The publishers of Model Auto Review magazine are adding their Official Archive to the hobbyDB database. The magazine was published for 31 years as a print edition, and we are working with the current editors to make sure every issue is documented in the database.
Rod and Val Ward published the premiere issue of the magazine in Summer 1982. It started quarterly, with the season and year as the date, and then expanded to a fifth Christmas issue for the next few years. Rod and Val were the owners of Modelauto, a model car shop in Leeds, England. He is also known for his series of books about models and cars. “Rod, the first Editor, set the tone of the magazine in the first issue,” said, Maz Woolley, current MAR Online Editor and Website Manager. “All scales, materials, and eras of model vehicles are covered: model and toy cars, trucks, buses, etc.
In addition to Rod Ward and Maz Woolley, the staff of MAR Online includes Karl Schnelle, US Editor and Website Contributor and Hans-Georg Schmitt, Consultant Editor for Germany. Schenelle has also contributed to hobbyDB as a Curator and Champion.
Even though much of the information about each issue can be found on MAR’s own website, by putting it on hobbyDB, content can be linked to information about relevant models, brands, and people. These additional connections make the archive on hobbyDB extra useful.
As a British publication, it makes sense that their biggest readership came from the U.K. “Most readers were from the UK naturally, followed by the American, German, French, Dutch, and Scandinavian readers. Some readers were also from Australia, New Zealand, South Africa, Japan, and Russia.” Exact subscription data isn’t easily available from the early years, but their very active Letters to the Editor section reflects these data.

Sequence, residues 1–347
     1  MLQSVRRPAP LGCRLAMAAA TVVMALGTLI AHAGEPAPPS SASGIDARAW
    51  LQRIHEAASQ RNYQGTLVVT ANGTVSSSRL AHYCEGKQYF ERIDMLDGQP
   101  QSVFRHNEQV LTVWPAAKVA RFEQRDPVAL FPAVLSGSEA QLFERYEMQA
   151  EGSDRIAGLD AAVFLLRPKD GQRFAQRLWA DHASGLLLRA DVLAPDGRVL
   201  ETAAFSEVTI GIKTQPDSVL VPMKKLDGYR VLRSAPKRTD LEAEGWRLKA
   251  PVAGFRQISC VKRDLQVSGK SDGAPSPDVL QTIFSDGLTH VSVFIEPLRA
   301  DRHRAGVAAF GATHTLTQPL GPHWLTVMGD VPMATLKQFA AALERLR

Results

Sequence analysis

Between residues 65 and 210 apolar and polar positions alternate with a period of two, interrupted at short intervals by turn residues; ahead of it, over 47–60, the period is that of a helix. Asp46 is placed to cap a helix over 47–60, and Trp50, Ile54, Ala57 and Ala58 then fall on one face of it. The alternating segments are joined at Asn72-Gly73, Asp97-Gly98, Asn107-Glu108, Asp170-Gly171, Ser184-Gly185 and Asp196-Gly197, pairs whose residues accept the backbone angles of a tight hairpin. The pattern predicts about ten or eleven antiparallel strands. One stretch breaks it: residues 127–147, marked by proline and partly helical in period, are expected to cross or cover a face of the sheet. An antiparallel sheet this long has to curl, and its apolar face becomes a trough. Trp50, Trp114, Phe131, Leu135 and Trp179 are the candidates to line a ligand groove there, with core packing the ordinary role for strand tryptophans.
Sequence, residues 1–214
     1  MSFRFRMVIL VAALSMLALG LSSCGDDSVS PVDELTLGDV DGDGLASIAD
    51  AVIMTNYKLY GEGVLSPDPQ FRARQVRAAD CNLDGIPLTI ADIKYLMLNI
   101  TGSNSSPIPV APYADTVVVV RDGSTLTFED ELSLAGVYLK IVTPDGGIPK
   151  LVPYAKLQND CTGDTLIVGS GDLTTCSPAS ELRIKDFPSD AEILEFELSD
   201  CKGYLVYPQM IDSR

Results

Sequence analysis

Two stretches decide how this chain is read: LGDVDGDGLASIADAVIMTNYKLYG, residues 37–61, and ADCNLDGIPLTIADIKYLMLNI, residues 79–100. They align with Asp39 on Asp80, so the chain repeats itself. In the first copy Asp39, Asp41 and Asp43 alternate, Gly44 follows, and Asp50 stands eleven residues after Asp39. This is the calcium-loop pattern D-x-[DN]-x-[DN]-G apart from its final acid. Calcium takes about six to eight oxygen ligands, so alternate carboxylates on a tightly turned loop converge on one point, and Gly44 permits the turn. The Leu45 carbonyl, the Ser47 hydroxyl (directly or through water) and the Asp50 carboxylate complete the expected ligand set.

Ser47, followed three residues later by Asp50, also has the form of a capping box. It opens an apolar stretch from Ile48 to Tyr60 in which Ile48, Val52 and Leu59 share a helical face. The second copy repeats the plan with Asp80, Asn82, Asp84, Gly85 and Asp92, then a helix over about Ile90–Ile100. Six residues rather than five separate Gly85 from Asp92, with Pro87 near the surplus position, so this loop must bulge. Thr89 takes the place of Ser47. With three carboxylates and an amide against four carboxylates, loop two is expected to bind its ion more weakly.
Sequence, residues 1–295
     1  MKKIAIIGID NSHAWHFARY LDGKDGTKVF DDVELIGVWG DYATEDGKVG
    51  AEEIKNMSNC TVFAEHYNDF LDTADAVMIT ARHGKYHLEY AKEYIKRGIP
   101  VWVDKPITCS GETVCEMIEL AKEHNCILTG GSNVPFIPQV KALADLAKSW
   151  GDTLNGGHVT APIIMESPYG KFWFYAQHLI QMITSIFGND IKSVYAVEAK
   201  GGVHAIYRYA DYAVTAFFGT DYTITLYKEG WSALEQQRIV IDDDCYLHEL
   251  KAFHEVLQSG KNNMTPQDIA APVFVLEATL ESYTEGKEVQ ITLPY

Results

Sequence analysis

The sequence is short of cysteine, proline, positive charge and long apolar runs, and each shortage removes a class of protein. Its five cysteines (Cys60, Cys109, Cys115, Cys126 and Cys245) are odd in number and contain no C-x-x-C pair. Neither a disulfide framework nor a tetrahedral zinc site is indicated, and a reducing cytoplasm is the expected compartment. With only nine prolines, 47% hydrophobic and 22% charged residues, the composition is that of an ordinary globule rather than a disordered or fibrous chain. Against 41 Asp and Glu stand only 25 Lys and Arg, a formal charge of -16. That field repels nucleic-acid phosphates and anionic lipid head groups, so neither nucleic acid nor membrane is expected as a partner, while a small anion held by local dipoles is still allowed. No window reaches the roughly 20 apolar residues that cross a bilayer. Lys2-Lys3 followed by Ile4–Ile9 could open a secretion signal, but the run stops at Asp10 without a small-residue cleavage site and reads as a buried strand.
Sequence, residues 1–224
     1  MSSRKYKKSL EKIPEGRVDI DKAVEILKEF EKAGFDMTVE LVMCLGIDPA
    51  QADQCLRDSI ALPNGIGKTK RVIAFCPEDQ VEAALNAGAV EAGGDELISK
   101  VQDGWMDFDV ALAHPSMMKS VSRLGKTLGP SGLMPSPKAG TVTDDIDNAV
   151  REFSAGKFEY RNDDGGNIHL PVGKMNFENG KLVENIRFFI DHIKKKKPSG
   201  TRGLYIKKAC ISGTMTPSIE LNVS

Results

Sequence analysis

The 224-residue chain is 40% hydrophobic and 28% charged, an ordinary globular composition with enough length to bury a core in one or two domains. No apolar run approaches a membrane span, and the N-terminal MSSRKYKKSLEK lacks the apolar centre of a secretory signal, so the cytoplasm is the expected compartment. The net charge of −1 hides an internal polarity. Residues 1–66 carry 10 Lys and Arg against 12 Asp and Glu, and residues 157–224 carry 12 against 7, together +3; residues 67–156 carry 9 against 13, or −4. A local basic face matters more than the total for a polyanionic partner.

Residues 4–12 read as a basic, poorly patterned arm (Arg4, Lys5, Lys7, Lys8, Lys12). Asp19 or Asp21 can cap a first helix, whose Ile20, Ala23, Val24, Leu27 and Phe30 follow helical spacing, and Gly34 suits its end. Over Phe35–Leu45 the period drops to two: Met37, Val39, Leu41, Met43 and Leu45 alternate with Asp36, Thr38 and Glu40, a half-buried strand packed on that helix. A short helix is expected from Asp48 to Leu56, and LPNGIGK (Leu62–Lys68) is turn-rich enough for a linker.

The magazine changed in ways that improved the quality of printing (especially the photography) and frequency reaching 10 issues a year in 1990. The name on the cover became “MAR Model Auto Review for the next decade or so.” Despite these changes, the focus remained the same as in that first issue. “We have followed this guidance through all the iterations of the publication.’ said Maz. “Our purpose has always been to provide information for collectors.”
In the mid 2000s, the most radical change occurred with a new, smaller page size. “Circulation was down to 25% of the 1982 numbers and printing costs were up. The advantage of the smaller format was easier portability, better color reproductions, and better B&W photos.”
Issue 276, December 2013 marked the final print edition of MAR. From that point, content was released online, still in a monthly format for 2014. Since then, the “MAR Online,” as it is now called, has released articles in a blog format, publishing news as it happens rather than as a monthly collection. The 2014 issues are no longer online in their original form, but most of the content has been compiled in the new format.
As for the print edition, the content is gradually being digitized and added to this website. Meanwhile, we have begun adding them to the hobbyDB archives. So far, there are only few early ones missing that images are not available for. If you happen to have any very early issues, MAR and hobbyDB would be thrilled if you could let us know.
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